Wednesday, May 12, 2004

Mumbai Dreams

There is always a big press when major companies, such as Google or Microsoft set up a research hub or call centre in India. The labor market is cheaper and there is a highly-skilled workforce. The world renowned business consultancy Mc.Kinsey and Co. have their presentation packs created by a company in the sub-continent. The consultant makes some graffiti on a whiteboard, the scribbles are scanned in and sent to Madras; the next day said consultant comes back and has a Powerpoint sitting in his inbox. Voila.

Wouldn't it be great if one could do the same with traffic instructions for an agency or publisher? How many times have you (I am talking to the account managers here) been faced with an issue at the end of the day, only to be told by traffic: "sorry, no can do" either for reasons of understaffing or time constraints.
Wouldn't it be great to do the same as the guy from McKinsey? Give the traffic brief to a team that will not demand overtime and work overnight? Furthermore would it not be great to just cut the cost of a traffic head when it is not a customer-facing role that needn't be in the office 24/7?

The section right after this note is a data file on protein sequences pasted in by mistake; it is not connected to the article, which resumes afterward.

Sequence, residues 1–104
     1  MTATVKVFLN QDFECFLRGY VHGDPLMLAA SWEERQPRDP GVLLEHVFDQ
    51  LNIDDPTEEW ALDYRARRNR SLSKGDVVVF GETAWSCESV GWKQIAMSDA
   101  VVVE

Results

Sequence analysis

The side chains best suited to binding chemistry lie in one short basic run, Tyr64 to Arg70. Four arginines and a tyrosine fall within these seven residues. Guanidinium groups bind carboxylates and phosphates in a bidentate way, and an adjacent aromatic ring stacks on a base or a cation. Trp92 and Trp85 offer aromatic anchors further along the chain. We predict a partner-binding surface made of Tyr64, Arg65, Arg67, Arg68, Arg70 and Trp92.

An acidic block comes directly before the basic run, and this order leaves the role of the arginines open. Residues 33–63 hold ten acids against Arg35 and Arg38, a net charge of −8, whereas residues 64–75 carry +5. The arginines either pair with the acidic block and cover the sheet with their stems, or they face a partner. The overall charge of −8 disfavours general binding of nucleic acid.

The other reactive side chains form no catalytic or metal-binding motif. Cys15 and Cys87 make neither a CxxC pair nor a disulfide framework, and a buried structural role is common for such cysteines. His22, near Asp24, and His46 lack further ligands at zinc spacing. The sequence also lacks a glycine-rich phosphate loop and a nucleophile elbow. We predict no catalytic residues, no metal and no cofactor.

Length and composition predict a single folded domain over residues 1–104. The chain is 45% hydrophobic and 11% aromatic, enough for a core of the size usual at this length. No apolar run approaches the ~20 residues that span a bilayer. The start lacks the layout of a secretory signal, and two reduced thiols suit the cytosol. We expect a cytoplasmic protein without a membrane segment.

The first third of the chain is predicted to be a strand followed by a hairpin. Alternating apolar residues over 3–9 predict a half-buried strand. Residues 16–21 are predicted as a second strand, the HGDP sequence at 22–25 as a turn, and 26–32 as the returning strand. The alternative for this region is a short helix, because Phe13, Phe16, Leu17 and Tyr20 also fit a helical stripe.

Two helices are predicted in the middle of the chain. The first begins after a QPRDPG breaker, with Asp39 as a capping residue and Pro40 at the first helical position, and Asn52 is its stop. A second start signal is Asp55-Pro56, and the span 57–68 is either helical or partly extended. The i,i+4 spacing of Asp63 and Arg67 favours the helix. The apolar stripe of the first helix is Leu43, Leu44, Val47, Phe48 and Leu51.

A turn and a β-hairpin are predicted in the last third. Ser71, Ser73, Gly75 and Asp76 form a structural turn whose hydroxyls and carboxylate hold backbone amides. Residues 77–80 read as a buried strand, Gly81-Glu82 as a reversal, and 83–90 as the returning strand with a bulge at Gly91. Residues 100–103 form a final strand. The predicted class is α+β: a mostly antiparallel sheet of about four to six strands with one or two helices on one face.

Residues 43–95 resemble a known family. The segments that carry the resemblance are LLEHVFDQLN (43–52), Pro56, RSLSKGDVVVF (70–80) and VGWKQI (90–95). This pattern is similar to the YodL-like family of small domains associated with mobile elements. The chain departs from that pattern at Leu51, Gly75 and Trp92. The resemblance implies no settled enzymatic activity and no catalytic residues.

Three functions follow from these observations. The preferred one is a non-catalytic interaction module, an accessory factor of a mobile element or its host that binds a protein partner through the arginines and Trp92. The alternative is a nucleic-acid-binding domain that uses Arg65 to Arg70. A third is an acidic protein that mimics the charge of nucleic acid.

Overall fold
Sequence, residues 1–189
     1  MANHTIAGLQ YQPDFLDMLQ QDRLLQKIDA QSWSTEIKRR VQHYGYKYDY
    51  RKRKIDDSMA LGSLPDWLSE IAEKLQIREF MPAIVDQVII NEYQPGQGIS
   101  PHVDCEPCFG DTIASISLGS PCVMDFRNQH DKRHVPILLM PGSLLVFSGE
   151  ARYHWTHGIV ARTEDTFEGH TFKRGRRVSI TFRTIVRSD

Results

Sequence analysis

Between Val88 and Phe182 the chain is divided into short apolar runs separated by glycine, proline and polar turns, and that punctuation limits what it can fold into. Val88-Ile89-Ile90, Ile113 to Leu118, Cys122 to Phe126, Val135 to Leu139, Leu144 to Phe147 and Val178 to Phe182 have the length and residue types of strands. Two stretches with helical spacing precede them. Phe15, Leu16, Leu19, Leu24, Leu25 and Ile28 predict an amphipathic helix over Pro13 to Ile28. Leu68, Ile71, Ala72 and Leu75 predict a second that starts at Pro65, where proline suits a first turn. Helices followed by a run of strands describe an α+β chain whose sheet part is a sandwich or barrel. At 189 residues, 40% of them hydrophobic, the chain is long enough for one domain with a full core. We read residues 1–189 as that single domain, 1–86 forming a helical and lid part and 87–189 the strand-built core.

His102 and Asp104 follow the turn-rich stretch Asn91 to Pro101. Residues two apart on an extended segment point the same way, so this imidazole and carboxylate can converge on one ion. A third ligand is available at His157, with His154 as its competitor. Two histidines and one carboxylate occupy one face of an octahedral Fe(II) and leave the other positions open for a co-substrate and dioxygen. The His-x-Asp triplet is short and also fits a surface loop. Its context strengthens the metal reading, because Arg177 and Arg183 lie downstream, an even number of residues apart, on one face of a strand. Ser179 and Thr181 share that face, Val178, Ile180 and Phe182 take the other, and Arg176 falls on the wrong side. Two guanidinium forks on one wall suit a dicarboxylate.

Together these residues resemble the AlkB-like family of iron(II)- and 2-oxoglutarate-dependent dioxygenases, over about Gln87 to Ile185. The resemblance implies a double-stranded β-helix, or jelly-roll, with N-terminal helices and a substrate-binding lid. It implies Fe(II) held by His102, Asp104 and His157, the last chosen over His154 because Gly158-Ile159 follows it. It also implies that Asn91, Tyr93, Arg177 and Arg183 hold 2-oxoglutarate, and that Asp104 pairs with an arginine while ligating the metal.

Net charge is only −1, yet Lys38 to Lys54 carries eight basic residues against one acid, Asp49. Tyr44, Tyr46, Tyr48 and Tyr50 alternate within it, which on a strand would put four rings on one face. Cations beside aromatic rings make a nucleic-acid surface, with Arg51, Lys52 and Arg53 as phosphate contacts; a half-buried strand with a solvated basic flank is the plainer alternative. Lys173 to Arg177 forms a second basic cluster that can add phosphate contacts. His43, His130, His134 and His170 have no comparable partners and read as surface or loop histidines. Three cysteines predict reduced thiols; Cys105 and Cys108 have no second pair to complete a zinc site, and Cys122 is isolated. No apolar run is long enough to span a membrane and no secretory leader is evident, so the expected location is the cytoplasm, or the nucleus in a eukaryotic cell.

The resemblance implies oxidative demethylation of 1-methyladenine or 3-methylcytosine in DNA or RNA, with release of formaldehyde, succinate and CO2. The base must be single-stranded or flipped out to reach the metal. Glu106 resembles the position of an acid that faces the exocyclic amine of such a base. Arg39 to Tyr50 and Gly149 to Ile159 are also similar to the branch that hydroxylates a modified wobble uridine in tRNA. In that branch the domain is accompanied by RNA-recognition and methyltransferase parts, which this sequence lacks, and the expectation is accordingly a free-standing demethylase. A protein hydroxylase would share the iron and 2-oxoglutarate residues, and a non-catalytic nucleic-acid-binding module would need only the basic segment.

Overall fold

The administrative side of the Media Sales business has almost always been kept in-house. Except now that is. Companies such as Trafficmac offer cost-effective alternatives to a costly in-house traffic team. How do they do this? Their traffic dept. is based in Mumbai. The economics are simple: the average desk space in London (England) costs $7K, whereas Mumbai (India) offers desk space for less than $1.5K.

Agencies have recently been through cost-cutting exercises, and Media Week explores the idea of exporting ad buyer jobs to Bombay. They can do their jobs based on recorded information (pricing, performance indexes, etc.) so why not sit them next to the traffic guys in Mumbai?

Of course the media buyers will be on a higher floor than the traffickers, but that's another story....


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